critical Internet infrastructure as a whole, it must pass laws that
require proactive processes to protect computers, not that tell people
how to deal with the resulting mess.
Here are more reasons for enacting computer security laws:
* According to reports, the percentage of unsolicited e-mail sent out
via bot networks is in excess of 90%. Messages are also growing in
size. The number and the size of messages will only continue to grow,
so you can assume a very large percentage of Internet traffic is a
result of bots.
* From my personal observations, an unprotected computer will fall
victim to dozens of attacks an hour. This implies that botnet scans
are constant and responsible for a large volume of Internet traffic.
* Botnet-related attacks result in billions of dollars in lost
productivity and added costs annually. ISPs and large organizations
spend billions to increase bandwidth as spam and other botnet-related
attacks take up network volume, and billions more is spent on security
software and the related hardware to prevent botnet-related attacks.
With the above in mind, the following laws are needed to at least begin
to protect businesses, consumers and the Internet itself:
1. Make ISPs (and all organizations providing computer access to more
than 100 people) responsible for filtering scan and attack traffic
across their networks.
ISPs were declared "publishers" by the Child Online Protection Act. The
legal effect of this was that ISPs were found to be not responsible for
the content or intent of the data packets going across their networks.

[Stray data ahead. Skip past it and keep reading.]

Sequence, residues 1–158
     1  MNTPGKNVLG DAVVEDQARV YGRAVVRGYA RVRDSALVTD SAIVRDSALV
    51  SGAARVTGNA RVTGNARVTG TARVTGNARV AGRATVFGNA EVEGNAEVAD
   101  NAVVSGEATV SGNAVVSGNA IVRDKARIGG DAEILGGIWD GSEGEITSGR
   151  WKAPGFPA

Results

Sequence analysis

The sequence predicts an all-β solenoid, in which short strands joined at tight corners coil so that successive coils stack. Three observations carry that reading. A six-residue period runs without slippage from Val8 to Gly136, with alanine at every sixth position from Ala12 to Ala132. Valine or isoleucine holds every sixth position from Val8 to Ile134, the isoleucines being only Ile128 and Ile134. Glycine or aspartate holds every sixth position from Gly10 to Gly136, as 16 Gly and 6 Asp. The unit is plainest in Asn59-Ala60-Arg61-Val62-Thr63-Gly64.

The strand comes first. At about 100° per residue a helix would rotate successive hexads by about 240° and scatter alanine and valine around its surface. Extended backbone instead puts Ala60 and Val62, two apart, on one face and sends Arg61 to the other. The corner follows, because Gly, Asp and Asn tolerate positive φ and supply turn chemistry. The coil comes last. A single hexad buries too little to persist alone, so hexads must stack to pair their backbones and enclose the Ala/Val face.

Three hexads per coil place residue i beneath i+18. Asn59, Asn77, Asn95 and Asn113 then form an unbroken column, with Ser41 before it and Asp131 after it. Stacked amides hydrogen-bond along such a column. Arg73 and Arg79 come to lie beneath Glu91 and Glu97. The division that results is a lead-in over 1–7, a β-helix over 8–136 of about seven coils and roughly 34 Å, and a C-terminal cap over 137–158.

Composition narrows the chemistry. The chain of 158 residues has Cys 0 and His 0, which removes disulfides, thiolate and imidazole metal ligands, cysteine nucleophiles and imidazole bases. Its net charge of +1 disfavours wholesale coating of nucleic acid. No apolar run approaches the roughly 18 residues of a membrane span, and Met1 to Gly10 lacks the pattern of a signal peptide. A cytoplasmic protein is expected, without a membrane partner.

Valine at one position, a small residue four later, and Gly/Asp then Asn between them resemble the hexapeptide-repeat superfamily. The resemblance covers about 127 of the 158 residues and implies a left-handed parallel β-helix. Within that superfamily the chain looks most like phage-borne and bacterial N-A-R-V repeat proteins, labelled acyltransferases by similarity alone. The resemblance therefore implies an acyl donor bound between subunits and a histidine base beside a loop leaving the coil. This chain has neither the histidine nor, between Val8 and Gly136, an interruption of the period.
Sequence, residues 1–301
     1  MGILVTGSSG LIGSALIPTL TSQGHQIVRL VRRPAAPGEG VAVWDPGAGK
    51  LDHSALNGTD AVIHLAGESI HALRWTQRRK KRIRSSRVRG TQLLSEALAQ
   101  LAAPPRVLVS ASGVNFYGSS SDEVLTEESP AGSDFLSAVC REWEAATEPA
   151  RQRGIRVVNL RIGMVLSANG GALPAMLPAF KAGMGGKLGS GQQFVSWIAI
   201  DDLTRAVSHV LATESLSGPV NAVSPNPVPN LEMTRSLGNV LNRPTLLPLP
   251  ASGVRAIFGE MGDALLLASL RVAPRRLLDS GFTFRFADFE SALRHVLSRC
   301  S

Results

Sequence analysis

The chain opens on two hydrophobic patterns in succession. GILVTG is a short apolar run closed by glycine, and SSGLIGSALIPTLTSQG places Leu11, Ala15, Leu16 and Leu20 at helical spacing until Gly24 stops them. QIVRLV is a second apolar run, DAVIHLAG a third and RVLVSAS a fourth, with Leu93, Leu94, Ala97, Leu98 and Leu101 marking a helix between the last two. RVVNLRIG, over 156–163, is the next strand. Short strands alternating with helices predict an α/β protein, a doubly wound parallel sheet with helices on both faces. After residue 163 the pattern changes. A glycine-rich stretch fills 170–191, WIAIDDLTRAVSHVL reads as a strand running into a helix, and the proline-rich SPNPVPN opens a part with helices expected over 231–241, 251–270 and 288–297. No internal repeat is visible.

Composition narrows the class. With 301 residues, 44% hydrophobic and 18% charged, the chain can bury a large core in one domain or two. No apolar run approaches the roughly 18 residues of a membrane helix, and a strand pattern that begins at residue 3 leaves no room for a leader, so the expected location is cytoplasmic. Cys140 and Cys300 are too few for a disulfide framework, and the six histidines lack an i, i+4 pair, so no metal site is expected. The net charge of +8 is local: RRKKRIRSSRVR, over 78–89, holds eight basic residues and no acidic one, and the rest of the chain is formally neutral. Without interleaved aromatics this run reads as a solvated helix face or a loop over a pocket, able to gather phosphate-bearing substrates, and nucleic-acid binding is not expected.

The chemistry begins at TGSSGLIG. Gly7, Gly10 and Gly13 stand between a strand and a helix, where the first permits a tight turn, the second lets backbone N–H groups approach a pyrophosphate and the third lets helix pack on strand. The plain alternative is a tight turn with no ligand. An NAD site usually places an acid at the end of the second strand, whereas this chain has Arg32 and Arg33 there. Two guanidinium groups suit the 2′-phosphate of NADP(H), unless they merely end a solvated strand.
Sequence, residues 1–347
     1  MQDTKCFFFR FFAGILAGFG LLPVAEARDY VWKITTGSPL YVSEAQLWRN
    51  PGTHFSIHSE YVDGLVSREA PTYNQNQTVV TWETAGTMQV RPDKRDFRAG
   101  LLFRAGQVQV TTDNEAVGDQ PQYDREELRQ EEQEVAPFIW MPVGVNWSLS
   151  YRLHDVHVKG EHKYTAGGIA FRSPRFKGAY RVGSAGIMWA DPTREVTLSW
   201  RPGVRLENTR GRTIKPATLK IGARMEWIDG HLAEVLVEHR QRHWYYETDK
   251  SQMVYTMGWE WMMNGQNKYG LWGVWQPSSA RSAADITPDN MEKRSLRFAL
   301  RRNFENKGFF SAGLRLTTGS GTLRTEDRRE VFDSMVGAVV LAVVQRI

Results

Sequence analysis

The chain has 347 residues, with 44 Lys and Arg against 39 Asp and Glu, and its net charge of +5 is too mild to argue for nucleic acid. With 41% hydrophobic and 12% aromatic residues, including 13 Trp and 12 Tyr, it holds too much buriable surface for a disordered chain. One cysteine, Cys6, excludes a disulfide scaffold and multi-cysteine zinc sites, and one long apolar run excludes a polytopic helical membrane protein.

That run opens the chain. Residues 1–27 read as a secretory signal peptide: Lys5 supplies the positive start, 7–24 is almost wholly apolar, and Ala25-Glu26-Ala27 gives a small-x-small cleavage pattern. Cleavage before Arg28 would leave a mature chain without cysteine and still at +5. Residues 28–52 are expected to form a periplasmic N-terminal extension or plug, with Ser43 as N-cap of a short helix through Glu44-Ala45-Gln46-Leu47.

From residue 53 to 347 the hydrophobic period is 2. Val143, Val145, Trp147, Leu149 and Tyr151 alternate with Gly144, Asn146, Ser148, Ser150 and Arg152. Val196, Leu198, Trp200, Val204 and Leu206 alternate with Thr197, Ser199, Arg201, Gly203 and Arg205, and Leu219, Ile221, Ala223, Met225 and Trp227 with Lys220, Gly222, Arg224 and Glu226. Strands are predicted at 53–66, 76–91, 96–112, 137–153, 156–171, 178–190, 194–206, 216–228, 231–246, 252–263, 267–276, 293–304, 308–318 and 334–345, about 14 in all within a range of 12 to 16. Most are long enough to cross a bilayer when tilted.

While it may be reasonable to say that an ISP might have no clue that a
JPEG file going across its network has child pornography, thousands of
ACK packets sent instantaneously are a different story. Attack and scan
traffic is easy for ISPs to detect and block. The more scans that are
blocked, the fewer compromised systems there will be. Any increase in
time to process data packets is easily made up by the overall decrease
in the amount of network traffic.
2. Make ISPs (and all organizations providing computer access to more
than 100 people) responsible for knocking customer PCs off their
network if they become bots.
Any system that is clearly behaving as a bot should be immediately
logged off a network. An end user who starts flooding the network with
tens of thousands of e-mail messages, or who starts to send hundreds of
thousands of DOS packets, is clearly compromised or otherwise abusing
privileges. It is blatant and therefore easy to spot. More important, it
is easier to identify and stop offending traffic at the source than for
a victim under attack to identify and contact the appropriate
administrators to stop the attacks.
3. Make end users liable if losses are incurred because of outdated
We cannot push all requirements to the ISPs. End users who leave their